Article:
In an alternate universe* where I am the youngest general manager in Major League Baseball history—take that Theo—I find the building of a bullpen to be the most fascinating of activities.

While starters get the big-money contracts and deadline buzz, bullpens are pieced together with some strange concoction of failed starters, big-stuff young guns and a handful of oft-travelled veterans. Sometimes they work and sometimes they fail miserably, but no team can survive a season without the band of merry gentlemen coming out of the pen to (hopefully) preserve the occasional tight win.

I’m a bit of a sucker for good relief pitchers, as evidenced by my unnecessary hogging of holds leaders and surprising save-by-committee-competition winners in my friends-only fantasy league every year. But how exactly does a (real) team catch lightning in a bottle and create a group of pitchers that will eek out late-inning wins rather than give up the traumatic gopher ball in the closing moments?

There are two general trains of thought when it comes to building a pen, at least in my experience: developing or buying. Both strategies are rather self explanatory with developing bullpens focusing on mid-level arms in the draft and buying bullpens getting put together with a flurry of back-page trades or free-agent signings.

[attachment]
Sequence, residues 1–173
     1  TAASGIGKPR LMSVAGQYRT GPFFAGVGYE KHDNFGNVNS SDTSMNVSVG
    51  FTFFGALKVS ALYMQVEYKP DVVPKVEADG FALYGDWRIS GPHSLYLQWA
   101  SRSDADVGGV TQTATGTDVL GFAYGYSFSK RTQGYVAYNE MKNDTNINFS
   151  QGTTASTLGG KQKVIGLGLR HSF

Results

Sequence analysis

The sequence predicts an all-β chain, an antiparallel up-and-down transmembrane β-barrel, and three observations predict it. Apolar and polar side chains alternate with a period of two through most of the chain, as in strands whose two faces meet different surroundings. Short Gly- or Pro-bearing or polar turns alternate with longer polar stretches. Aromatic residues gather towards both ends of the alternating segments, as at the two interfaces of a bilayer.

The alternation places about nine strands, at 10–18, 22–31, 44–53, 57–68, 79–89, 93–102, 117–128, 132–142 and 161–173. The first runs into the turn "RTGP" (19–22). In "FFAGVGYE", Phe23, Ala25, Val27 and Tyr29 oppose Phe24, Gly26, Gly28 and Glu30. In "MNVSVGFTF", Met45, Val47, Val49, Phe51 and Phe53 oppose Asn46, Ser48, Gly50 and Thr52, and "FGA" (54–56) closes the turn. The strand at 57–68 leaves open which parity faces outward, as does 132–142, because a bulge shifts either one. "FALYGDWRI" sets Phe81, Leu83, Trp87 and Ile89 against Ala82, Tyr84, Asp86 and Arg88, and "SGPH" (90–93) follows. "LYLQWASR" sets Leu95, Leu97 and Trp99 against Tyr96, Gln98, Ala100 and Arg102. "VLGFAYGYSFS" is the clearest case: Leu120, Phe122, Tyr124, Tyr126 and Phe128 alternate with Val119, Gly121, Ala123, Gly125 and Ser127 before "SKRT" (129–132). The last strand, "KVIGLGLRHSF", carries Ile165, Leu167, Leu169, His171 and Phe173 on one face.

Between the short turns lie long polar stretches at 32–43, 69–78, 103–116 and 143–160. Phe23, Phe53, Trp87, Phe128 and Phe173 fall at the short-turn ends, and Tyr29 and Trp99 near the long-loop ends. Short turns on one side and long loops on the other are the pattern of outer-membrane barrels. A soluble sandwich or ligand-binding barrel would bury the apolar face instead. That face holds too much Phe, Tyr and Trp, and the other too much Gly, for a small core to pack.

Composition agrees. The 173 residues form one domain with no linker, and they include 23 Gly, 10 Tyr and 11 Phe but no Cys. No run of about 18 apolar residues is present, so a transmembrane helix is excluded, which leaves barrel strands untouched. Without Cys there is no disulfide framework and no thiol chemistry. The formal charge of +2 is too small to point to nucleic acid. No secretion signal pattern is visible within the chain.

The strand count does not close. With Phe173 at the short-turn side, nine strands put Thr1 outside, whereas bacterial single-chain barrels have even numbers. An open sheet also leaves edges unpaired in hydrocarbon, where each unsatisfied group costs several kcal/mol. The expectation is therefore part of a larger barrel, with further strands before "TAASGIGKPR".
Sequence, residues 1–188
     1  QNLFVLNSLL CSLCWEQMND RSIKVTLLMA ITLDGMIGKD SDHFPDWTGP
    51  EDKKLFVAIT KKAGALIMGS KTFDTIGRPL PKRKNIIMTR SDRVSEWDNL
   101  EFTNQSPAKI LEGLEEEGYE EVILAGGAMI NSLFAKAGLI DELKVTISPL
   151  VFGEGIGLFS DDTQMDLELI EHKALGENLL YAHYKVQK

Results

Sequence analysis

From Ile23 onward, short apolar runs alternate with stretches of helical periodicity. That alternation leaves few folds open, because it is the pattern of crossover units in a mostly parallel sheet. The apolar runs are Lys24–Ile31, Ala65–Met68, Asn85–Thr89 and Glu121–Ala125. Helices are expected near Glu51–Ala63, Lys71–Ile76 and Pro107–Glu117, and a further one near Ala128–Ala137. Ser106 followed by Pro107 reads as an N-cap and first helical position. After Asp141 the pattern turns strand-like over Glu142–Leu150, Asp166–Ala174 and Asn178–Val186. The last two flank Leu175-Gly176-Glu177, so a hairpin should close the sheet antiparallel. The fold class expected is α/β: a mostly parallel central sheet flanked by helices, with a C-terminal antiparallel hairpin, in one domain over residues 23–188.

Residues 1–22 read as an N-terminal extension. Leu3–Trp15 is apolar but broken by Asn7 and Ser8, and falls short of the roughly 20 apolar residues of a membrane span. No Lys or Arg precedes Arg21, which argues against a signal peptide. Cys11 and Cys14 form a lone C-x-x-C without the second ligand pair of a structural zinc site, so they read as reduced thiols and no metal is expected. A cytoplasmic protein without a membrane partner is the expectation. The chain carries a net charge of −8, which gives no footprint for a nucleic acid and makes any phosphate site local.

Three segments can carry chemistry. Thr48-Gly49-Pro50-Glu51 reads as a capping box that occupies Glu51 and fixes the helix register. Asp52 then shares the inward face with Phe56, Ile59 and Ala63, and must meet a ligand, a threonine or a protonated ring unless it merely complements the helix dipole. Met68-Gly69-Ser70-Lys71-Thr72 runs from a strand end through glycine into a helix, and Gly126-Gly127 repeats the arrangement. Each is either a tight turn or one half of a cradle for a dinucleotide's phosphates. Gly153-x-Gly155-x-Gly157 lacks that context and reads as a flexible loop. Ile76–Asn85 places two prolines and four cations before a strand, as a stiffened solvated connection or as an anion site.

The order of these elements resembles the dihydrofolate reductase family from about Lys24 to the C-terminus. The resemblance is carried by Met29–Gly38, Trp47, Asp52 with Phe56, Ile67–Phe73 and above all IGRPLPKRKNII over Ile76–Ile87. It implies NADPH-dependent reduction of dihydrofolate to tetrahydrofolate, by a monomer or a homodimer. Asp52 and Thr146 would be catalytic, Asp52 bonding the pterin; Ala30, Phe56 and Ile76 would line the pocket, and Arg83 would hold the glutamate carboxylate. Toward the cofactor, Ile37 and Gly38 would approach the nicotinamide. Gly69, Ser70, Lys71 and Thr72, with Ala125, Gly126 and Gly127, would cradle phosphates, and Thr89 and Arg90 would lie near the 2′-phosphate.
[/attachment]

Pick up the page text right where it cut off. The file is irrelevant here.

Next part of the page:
While I would love to spend the next three years of my life studying what strategy is better is a stand-alone recipe for success—my day job will come calling eventually—so I’ll tell you what I THINK I know.

I think the answer lies somewhere in between the two strategies. Okay fine, maybe this is a copout of a response, “Surely no team builds a bullpen solely one way or the other,” you say. I’ll give you that, but every team has a different identity in how they build their pen, whether their focus is international players or live arms or whatever redeeming quality a front office may want.

The teams with the best bullpens know how to get the most of the guys in their system, while also supplementing them with an assortment of wily vets. The problem with building a bullpen is that, by nature, they are volatile from both performance and longevity standpoint.

Mariano Rivera’s and Lee Smith’s don’t just grow on trees anymore. Injuries, contract demands and lack of sentimentality among players have led to shortened careers or 10-stop careers. For many relievers, this is the life you live. Just ask a guy like Latroy Hawkins.

Only closers get the somewhat royal treatment that starters receive, but even their shimmer as a high-priced cog for teams is fading. My buddy Dave, who I probably reference way too much, always rags on teams who spend big money on closers in free agency. “Teams should instead,” he says, “focus on building up their closer spot from within and spend money elsewhere.” It’s hard to look at the contract doled out to traveling closers in recent years and disagree with his sentiment.